The next scene features Nurse Ogawa in sickbay. In contrast to how Taurik and Lavelle have, at best, complicated relationships with their superiors, she and Dr Crusher are on much more friendly terms. To the audience this undoubtedly makes sense – Ogawa is a character we’re much more familiar with as by this point in The Next Generation’s run she’s already made thirteen appearances going back over three years; she’s a character we’ve seen in sickbay often, and her relationship with Dr Crusher has been touched on previously. Ogawa is being recommended for a promotion to lieutenant – if only it were that easy for Sito and Lavelle!
Dr Crusher uses Ogawa’s first name – Alyssa – and they talk about her personal life and who she’s dating. Ogawa treats her as a friend, and I loved this dynamic.
The ship drops out of warp, and back in Ten-Forward, Sito is talking to Worf about her brief stint manning the ops console. Worf is the one who recommended Sito for the position – and on the other side of the room, Taurik, Lavelle, and Ben the waiter are looking on. Ben is on first-name terms with Commander Riker, much to the shock of Lavelle. Taurik and Ben convince him to strike up a conversation with his commander, as getting to know him on a personal level might improve their relationship.
What follows has to be one of the best scenes in the episode. Lavelle makes a truly cringeworthy attempt to talk to Riker, mistakenly believing him to be from Canada when he’s in fact from Alaska, and generally making a fool of himself in a moment that I certainly could relate to – and I’m sure lots of people who’ve made conversational missteps can too! As mentioned, Lavelle could have come across as a kind of selfish and egotistical glory hunter, chasing his own promotion and ignoring his friends if the character had been less-well written. But this moment, and the other with Sito on the bridge, go a long way to humanising him and making him relatable.
Though Lavelle doesn’t see it, as he excuses himself and slinks away, there seemed to be a moment of hope for his cause at the very end; despite everything, Riker was at least amused by the conversation and smiled to himself.
The Enterprise-D is holding position 5,000km from the Cardassian border – which is practically a stone’s throw when dealing with the vastness of space. Captain Picard is concerned, seemingly waiting for a ship to arrive, when Worf detects a small object that could be an escape pod. The pod is 50,000km inside Cardassian territory, and the captain wonders aloud how it will be possible to retrieve it. The only one of the ensigns present on the bridge in this moment is Lavelle, and from this point on the episode begins to split the characters up for important events.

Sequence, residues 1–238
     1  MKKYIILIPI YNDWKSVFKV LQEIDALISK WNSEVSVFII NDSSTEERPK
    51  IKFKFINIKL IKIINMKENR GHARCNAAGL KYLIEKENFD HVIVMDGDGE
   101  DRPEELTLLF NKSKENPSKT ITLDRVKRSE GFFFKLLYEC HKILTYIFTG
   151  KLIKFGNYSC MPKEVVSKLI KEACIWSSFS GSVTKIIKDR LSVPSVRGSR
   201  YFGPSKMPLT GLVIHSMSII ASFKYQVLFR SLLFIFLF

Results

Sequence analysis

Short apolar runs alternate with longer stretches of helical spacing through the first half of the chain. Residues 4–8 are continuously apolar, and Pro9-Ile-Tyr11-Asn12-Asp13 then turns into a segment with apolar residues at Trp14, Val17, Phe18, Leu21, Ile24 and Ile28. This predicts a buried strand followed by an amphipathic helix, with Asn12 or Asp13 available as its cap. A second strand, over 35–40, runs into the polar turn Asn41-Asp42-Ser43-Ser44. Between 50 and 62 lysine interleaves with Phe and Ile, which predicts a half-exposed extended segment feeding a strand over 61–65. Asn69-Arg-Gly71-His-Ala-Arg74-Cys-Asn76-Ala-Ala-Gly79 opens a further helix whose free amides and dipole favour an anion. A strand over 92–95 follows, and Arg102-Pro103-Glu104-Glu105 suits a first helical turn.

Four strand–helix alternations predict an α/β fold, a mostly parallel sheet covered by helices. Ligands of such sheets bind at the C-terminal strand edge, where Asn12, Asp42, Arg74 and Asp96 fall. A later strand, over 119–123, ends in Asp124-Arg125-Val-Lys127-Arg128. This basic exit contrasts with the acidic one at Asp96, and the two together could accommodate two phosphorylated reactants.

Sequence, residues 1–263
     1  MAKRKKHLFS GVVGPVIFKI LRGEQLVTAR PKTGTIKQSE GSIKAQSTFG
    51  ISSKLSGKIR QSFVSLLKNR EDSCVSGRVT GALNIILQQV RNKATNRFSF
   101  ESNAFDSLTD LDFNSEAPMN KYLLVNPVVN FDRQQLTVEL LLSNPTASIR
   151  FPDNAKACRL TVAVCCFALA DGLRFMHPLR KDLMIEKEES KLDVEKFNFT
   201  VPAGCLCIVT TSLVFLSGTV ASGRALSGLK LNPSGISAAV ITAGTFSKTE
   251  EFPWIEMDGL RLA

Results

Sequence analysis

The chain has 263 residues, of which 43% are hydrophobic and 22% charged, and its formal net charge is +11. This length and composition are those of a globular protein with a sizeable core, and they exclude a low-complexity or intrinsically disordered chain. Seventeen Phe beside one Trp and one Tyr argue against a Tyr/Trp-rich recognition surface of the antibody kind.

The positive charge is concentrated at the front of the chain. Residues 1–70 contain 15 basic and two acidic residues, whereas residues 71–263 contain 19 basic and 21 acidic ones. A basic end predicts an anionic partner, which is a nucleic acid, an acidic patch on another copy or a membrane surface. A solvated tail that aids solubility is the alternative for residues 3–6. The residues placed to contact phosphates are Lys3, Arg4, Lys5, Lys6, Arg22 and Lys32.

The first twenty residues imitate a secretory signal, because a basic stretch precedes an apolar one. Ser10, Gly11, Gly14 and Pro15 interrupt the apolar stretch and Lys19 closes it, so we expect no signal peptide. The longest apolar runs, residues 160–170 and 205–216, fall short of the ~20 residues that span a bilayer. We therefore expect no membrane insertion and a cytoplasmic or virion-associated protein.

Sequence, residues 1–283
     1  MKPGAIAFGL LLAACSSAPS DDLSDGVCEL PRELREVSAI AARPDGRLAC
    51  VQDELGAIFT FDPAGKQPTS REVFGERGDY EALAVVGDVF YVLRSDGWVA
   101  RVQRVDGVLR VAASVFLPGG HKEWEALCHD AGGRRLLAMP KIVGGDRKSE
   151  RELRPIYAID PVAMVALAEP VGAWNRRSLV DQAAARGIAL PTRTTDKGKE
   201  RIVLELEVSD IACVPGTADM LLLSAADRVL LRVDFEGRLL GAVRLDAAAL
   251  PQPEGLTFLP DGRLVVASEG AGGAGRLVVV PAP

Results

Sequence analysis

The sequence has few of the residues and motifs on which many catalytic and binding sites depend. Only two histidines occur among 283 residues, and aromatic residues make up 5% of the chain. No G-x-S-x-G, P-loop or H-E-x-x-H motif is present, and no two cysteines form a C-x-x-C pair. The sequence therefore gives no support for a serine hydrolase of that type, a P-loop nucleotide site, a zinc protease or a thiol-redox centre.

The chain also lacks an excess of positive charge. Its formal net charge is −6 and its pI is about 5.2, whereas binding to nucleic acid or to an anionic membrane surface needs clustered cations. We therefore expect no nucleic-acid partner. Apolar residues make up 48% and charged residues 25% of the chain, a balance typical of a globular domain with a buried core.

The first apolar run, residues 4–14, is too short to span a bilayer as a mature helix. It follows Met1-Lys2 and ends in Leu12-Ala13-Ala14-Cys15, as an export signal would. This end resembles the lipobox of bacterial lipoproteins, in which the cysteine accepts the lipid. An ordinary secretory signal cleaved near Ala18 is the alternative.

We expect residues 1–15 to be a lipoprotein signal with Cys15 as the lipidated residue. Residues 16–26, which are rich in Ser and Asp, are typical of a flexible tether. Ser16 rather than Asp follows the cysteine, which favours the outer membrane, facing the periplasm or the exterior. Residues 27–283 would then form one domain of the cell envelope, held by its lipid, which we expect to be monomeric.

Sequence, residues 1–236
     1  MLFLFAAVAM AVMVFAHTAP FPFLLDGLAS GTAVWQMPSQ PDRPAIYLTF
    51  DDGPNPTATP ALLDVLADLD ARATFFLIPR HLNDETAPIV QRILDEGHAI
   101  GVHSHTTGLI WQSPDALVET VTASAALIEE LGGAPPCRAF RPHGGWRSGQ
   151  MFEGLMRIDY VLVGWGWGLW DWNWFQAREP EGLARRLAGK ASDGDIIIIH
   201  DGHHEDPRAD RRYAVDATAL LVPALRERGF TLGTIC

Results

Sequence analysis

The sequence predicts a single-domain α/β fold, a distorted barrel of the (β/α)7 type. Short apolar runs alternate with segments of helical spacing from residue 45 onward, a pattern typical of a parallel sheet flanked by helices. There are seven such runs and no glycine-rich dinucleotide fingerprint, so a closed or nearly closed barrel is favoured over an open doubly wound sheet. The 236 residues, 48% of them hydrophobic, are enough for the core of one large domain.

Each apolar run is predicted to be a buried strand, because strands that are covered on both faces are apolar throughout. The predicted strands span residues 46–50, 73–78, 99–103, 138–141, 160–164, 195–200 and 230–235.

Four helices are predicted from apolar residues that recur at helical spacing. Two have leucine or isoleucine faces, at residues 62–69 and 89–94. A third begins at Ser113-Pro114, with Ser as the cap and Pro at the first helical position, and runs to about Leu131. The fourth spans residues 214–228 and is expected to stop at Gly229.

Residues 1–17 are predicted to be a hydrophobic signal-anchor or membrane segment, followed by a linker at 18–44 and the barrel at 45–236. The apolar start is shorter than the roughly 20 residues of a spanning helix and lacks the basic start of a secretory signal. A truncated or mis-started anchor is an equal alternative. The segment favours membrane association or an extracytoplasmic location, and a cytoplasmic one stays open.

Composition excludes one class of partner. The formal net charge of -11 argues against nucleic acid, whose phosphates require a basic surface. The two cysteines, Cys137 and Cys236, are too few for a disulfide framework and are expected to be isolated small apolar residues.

I love this setup – each of the characters, as the episode progresses, will learn part of what’s going on, but it won’t be until the very end that they can put all the pieces together and establish the whole story. This is what really gives the episode its unique feel; following the junior officers who don’t know everything that’s happening but must carry out their orders regardless.
In engineering, Taurik and La Forge work to increase the effectiveness of the transporter to be able to beam the individual from the life support pod onto the ship. I have to confess at this point that I feel that 50,000km seems like a very limited range for the transporter. I wouldn’t like to say with certainty, because Star Trek in general can be vague with things like distances in the few instances where we get specifics, but I’m reasonably sure we’ve seen the transporter used over greater distances before with no issues.
Interestingly, and continuing the theme of the junior officers not knowing the full story, La Forge orders Taurik not to scan the life pod’s occupant to determine his or her species. Again – this seems like something that might be helpful or even necessary for using the transporter, but Star Trek’s technology is vague enough that it can be made to fit circumstances like this!
In sickbay, Ogawa helps Dr Crusher prepare for the arrival of the mysterious figure, but when they’re ready Crusher orders her to leave the room. In the hallway she meets Sito, who has been posted at the entrance to sickbay in her capacity as a security officer. They wonder aloud what’s going on; Sito isn’t letting anyone but the senior officers inside. As Ogawa departs, Captain Picard arrives and seems to briefly hesitate when greeting Sito.